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Tuesday, July 25, 2006

March of the Penguins

Narrated in the beautiful style of Morgan Freeman, this film, as the narration said was a story of love. It is a story of life, of triumphs, of beginnings, of shared joys and sorrows and of survival in the harshest environment that is the South Pole. It is the story of the king penguins and how they make the trip that is the defining story of their personal lives and of their collective history.

One aspect of the film which touched me most was the penguin’s structure of family and their family life in general. I cannot help but compare their set-up to Filipino families of OFWs who had had to endure long-term separation just so one of the parents can earn a living for their family especially for their young. It was surprising to realize that animals such as penguins are much more human-like than we ever can think.

Who can ever imagine that the unrelenting whiteness of the Arctic can be so beautiful! It was a study of light and light; an amazing photographic odyssey. I enjoyed the story only second to the wonderful cinematography that could have told the story of the king penguins by itself. One can only marvel at the way the filmmakers must have taken their photographs. The combination of long range shots which effectively showed the grand world of ice that was the kingdom of the penguins, as well as of the penguins in close-up, make for a very detailed and intimate picture of penguin life.

Of course, there weren’t any dialogue in English. Penguins being the main characters, it was all in penguin-talk. It was however very engaging to watch. Most of the sound present in the film: the crashing waves, the cries of the penguins and of other fowls in the area, all very much contributed to the feeling that you are in wildlife territory. It was all an awe-inspiring two hours of being in the wild but spanning a year in the life of king penguins. The symphonies used as background music for the film gave intensity to the implied freedom of the wild. It contributed to the grandness, the majesty not only of the vistas but also of the feeling of how it must feel to be there; to commune together for several months huddling against the cold as one big family. March_of_the_penguins_inner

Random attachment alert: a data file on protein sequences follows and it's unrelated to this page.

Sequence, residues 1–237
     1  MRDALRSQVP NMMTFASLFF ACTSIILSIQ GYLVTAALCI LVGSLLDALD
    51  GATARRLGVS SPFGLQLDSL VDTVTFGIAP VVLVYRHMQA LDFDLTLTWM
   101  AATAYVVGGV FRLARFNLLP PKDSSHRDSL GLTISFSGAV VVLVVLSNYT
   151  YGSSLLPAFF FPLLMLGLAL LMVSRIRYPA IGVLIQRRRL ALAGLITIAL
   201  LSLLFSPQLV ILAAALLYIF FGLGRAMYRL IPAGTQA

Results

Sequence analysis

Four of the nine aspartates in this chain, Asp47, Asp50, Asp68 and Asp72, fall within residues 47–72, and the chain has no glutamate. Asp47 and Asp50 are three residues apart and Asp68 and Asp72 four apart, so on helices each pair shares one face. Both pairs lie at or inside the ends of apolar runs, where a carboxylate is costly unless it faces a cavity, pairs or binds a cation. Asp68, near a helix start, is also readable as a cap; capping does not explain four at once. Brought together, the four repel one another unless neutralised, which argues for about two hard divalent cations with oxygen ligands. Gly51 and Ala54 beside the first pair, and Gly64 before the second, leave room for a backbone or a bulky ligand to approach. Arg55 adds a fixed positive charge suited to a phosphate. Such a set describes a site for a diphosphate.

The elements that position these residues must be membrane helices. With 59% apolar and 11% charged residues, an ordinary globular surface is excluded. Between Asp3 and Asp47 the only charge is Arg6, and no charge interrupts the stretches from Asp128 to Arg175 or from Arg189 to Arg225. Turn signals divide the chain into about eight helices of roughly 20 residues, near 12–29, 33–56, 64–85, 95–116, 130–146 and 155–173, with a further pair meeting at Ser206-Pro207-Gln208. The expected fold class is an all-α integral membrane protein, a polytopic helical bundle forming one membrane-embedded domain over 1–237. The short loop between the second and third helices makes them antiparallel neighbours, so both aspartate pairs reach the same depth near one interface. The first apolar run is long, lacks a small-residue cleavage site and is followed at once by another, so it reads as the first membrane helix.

Told in a linear fashion, it was a straightforward and very engaging account of the penguin journey. I applaud the ability of the film makers to have come up with a film that seems to be, but does not feel like, a documentary. It was a film alright, a movie with animal characters that anyone can identify with. Imagining the amount of material that they must have, being with the penguins for such a long time, the story was surprisingly tight and straightforward.

It is to the directors’ credit that March of the Penguins is a remarkably informative, fun, intimate, and endearing portrayal of the life of these remarkable creatures. Awe-inspiring, poetic and magnificent, the vistas and the picture of the penguins huddling together for warmth is something that will stay with me for a very long time.

** much thanks to my Humanities 2 class :)
kaigachi is a conjugation of the Japanese term "kigaicha" or crazy. It roughly translates as "crazy about something."

"One does not become enlightened by imagining figures of light but by making the darkness conscious." - C.Jung

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